The Animation of Cheating Hitler

November 14, 2019

If you've watched our documentary Cheating Hitler: Surviving the Holocaust, you'll know that the animated sequences are a very important part of the film. We sat down with animators Hanna Jovin and Adrian Morphy to find out about their experience with the project. Cheating Hitler: Surviving the Holocaust airs Saturday, Nov. 16 at 9 p.m. E/P on Global TV.

 

How did you get involved with the project?

 

Hanna: Adrian and I were just wrapping up a CBC digital series (Before & After) for Producer Steve Gamester when he and Director Rebecca Snow approached us about doing animations for Cheating Hitler.

 

How do you feel the animation complements the film or the survivors' journeys?

 

Hanna: The film is about children who came of age during the Holocaust, so we all felt that the animations should reflect a certain naivety and innocence, almost as if they were drawn by the children themselves.

 

Adrian: Our goal was for the imagery to elevate the emotional moments in the stories, and bring to life characters that existed almost entirely in the survivors memories. When animating, we always asked ourselves, How would a child see this scene? and went from there.

 

Hanna: Ultimately, the animations serve as a window into the psyche of the survivors as children.

 

How did you decide what sequences to animate?

 

Hanna: I think that from the start Rebecca had a lot of scenes in mind that she wanted animated. All of the animations were used to illustrate scenes from the past, from when the survivors were children, and are recounting memories from that period.

 

Adrian: Typically Rebecca provided a work order which contained the transcription of the interview and suggestions for what they’d like to see in the scene/animation. We usually discussed the scene together and bounced ideas back and forth until deciding the best way to represent the memory in question.

 

How did you come up with the look of the animation?

 

Adrian: We decided early on that the style would be childlike and innocent, with many collage elements. This meant a lot of layering between actual drawings, archive, and textures.

 

Hanna: We primarily focused on a black-and-white look for the characters, with sepia tones in the background imagery. We sometimes had pops of colour to emphasize certain things, such as green in the forest, red for blood, and yellow for the badges.

 

How did your process work?

 

Hanna: I drew all of the storyboards as well as all of the designs (characters, backgrounds, etc.) Any drawing with a wiggle effect was drawn four times. Early on we knew we wanted to have this wiggle in a lot of our drawings, but wanted it to have a raw energetic effect, rather than a digital look, so I drew each piece four times to achieve this effect.

 

Adrian: Once I have all of those elements from Hanna, I import them and begin editing the sequence, looping the drawings to generate the wiggle, putting in any camera moves, morph effects, and figuring out creative ways to transition in and out of interview footage.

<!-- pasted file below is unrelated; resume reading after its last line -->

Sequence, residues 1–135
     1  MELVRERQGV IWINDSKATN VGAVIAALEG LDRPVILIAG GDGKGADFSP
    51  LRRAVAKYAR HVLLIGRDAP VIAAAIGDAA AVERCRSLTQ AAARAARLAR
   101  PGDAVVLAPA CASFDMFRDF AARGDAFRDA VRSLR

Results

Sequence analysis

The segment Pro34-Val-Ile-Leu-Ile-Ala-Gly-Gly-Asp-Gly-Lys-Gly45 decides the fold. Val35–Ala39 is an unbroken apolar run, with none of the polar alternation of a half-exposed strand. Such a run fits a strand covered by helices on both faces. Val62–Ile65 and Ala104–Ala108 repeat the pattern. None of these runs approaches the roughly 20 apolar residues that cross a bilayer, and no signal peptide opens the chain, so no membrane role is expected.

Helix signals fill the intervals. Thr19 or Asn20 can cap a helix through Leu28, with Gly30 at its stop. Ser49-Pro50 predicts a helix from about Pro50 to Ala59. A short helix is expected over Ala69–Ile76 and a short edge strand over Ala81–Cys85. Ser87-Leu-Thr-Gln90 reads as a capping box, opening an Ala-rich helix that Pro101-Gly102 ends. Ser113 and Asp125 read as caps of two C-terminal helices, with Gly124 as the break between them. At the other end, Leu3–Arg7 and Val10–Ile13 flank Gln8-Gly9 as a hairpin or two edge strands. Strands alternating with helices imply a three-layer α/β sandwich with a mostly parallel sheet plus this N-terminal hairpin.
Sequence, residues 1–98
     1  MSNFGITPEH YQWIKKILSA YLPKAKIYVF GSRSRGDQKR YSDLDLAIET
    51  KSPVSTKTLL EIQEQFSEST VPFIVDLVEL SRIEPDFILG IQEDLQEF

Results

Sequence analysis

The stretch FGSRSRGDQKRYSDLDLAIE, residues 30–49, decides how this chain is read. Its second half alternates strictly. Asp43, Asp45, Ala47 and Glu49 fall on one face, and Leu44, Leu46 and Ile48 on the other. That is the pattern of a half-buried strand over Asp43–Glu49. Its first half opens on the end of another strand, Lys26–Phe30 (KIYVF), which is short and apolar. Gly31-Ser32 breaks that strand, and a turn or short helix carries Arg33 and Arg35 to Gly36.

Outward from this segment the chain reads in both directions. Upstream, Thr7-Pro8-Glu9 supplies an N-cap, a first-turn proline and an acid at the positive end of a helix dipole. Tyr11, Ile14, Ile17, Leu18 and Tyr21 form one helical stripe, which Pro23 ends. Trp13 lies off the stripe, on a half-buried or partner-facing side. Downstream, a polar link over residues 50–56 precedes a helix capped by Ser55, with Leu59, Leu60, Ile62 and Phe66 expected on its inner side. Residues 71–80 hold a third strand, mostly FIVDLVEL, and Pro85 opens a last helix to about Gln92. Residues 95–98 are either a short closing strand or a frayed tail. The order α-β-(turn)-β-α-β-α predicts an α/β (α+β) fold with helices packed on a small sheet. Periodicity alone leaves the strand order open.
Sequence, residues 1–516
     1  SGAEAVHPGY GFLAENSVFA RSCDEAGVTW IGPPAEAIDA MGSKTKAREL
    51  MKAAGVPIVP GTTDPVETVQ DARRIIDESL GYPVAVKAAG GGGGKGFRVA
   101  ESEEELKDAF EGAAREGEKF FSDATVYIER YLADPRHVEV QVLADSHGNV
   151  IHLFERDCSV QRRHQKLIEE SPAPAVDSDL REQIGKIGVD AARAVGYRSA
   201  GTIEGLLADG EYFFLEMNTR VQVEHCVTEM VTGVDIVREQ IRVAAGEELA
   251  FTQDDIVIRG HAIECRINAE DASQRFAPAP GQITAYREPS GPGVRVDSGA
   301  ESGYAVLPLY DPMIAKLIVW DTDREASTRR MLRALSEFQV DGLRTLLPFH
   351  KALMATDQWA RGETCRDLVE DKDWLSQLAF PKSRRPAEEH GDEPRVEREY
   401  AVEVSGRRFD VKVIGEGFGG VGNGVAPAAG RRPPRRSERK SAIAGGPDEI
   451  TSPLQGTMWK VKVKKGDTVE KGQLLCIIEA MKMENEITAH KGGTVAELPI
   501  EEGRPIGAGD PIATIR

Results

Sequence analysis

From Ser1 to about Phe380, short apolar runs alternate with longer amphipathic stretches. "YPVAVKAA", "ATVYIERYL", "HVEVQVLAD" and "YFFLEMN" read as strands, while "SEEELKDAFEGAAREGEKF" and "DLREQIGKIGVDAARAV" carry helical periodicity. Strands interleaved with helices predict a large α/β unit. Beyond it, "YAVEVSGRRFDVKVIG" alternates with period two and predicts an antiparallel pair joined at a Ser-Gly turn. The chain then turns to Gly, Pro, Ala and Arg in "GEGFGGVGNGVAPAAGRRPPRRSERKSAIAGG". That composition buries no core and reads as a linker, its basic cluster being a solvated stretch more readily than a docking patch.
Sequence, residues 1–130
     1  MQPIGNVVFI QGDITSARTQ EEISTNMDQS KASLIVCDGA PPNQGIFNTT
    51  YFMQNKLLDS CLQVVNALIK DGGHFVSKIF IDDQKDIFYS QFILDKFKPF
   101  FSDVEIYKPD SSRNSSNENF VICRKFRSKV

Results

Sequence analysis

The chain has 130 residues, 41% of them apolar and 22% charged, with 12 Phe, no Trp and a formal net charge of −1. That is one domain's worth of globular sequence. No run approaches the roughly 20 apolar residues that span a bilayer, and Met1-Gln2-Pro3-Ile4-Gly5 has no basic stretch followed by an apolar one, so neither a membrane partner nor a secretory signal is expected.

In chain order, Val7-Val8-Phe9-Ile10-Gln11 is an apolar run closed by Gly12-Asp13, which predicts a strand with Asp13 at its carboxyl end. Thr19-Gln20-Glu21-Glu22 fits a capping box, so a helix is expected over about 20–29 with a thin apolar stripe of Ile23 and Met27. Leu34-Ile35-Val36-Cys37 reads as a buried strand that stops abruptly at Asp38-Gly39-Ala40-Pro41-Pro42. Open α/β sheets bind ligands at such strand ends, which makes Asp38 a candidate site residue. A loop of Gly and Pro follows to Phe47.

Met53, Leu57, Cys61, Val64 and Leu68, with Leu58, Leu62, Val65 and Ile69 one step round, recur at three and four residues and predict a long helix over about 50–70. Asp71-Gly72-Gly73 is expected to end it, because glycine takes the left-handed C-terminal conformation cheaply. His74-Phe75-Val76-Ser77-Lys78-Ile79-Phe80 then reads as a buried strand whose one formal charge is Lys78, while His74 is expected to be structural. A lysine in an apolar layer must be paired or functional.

Hanna: Sometimes when he imports all of the images, I’d end up adding more elements or adjusting certain things. Overall the process was very collaborative.

 

How does animating for a history documentary compare to animating for a different kind of film or short?

 

Hanna: When animating for a documentary, we feel it’s important to be respectful towards the subject matter by doing our research into the history before starting the creative process. We watched a lot of Holocaust documentaries and had many conversations with our director and producer about the survivors' stories before any drawings were done.

 

Adrian: We wanted to make sure we honoured the survivors by illustrating their stories in a way that accurately represented their perspectives and memories. We also received a lot of reference photos to work with, such as photos of the survivors themselves, and their families, which was very helpful in creating the look of the characters.

 

What was the hardest thing about creating the animation?

 

Hanna: The most notable challenge working on this film was dealing with the emotional hangovers, the overwhelming sadness we felt for some of the stories we heard, or the suffering we saw in the archive images. Some of those pictures were haunting.

 

Have you animated for a documentary before?

 

Hanna: I did the illustrations for a short documentary before, but this was my first time animating for a feature doc of this scale.

 

What are your backgrounds?

 

Hanna: We both went to Ryerson Film School and have been working in the industry for a couple years now. I now primarily work as a freelance director, producer, and animator.

 

Adrian: I work primarily as a freelance editor, writer and director.

 

What was it like attending the premiere at the TIFF Lightbox, during Holocaust Education Week?

 

Adrian: It was a very moving and emotional screening, especially because all of the survivors were there with their families. It was a special moment to witness and resonated so clearly with the audience.

 

Hanna: Many tears were shed. Our parents loved the film.

 

Were you able to meet Rose, Maxwell, or Helen at the event? If so, what was that like?

 

Hanna: We were lucky enough to meet Maxwell at the screening and he was so wonderful. He said he really liked the animations so that was very special to hear.

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